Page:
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Imagine doing a simple hand gesture and the object in front of you is manipulated the way you desire. Now this act of creation is possible—in the world of virtual reality (VR).
Researchers in the United Kingdom have designed a new system called HotGestures, which allows users to execute quick hand gestures indicating which tool they want to use as they create objects and designs in virtual environments. In two experiments, a small handful of study participants piloted the approach, reporting that it was fast and easy to use. The results are described in a study published in October in IEEE Transactions on Visualization and Computer Graphics.
HotGestures give users “superhuman“ ability to open and control tools in virtual reality.University of Cambridge
Current VR systems allow users to select tools—for example, a pen—from a menu to create new objects and images in front of them. But this involves first selecting the menu, and then successfully selecting the correct tool.
Per Ola Kristensson is a professor of interactive systems engineering in the department of engineering at the University of Cambridge, in the U.K., and codirector of the Centre for Human-Inspired Artificial Intelligence. His team was interested in creating a system in which the user makes a simple hand gesture to indicate how they want to manipulate objects in VR, bypassing the need to select the tool from the menu.
“The system continuously receives observations of the user’s finger and hand movements for both hands through the headset’s integrated hand tracker,” explains Kristensson, adding that the AI evaluates the hand movements and predicts which tool the user wants.
HotGestures was designed so that users can also complete multistate gestures—for example, a user can make the hand signal for a pen and then indicate the desired width of the pen stroke by the distance between their fingers. “In this instance, it is also possible for the user to vary the stroke width by dynamically moving their index finger and thumb apart,” says Kristensson.
In their study, Kristensson’s team had 16 study participants pilot the new system. The volunteers were presented with a video demonstration on how to use HotGestures and had as much time as they wanted to practice 10 different hand gestures, which were a mix of static and dynamic movements. Participants were timed on how long it took them to complete an action using a gesture versus selecting that same action via the menu. After piloting HotGestures, participants were surveyed about their experience.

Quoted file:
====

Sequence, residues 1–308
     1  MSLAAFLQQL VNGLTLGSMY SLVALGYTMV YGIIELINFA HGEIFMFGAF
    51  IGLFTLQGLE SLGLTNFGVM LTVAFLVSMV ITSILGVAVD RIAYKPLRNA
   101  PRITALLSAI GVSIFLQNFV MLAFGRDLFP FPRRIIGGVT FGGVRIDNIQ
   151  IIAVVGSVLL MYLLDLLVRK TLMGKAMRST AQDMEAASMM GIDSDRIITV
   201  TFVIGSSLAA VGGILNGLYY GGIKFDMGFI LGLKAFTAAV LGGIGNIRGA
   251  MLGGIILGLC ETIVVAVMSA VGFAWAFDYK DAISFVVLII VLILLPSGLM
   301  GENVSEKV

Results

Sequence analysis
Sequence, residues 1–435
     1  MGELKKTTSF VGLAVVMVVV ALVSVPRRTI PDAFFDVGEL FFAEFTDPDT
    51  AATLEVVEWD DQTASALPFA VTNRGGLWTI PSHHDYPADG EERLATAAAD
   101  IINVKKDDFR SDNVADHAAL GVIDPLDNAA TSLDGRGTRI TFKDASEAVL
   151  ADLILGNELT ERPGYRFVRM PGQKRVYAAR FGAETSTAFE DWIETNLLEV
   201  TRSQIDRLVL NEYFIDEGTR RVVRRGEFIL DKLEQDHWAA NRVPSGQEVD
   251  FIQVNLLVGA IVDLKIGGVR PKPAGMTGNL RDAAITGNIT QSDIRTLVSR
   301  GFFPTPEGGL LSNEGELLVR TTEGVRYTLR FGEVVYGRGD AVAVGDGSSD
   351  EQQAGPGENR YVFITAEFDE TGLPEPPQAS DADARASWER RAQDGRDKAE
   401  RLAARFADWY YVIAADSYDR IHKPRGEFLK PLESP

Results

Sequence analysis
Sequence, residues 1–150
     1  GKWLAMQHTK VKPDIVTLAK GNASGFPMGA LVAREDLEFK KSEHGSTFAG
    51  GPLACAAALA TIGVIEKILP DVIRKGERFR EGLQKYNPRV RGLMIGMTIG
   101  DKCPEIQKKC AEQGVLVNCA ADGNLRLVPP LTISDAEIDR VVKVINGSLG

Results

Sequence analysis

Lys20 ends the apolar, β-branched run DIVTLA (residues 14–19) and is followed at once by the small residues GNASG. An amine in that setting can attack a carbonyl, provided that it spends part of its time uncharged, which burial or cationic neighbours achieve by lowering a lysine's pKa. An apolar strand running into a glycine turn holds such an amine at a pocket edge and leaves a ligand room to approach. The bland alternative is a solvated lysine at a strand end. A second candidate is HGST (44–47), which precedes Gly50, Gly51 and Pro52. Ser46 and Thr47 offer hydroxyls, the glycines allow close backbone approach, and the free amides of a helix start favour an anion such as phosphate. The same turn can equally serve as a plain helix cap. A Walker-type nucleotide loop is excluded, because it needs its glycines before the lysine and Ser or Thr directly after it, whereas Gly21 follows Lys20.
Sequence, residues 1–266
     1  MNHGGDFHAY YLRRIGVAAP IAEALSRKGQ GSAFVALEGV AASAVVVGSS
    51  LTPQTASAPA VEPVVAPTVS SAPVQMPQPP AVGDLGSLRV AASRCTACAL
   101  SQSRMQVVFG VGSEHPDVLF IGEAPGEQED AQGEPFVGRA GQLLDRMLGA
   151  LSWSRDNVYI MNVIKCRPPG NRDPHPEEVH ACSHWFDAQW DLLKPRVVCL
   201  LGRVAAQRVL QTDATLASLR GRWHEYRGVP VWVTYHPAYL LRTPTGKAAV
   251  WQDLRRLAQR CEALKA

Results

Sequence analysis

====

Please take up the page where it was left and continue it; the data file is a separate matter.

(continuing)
The results show that using the gesture mode was faster than the menu selection mode for the majority of actions, but especially for the pen, cube, sphere, and duplicate actions. The researchers also found that there was no significant difference in error rate between the two modes.
The survey results show that participants perceived the approach using hand gestures to be faster but also a bit more mentally taxing to use and slightly less accurate than selecting from the menu. In their paper, the research team speculates that, since the idea of using gestures for 3D modeling is likely unfamiliar to most participants, it may lead to more hesitation and uncertainty compared with the use of a more conventional menu.
In a second experiment, the same participants were allowed to choose whether to use HotGestures or the selection menu. In this hybrid scenario, users tended to rely on HotGestures most of the time but preferred choosing from the menu for some commands. Overall, 14 out of 16 participants preferred the hybrid solution for selecting commands, and the remaining two participants preferred HotGestures only for selecting commands. None preferred using only the menu.
Kristensson says he is looking forward to this approach to VR being adopted more broadly. “We have made the source code and the data freely available, as we hope this can be an established, standard way of using virtual tools in virtual and augmented reality,” he says.
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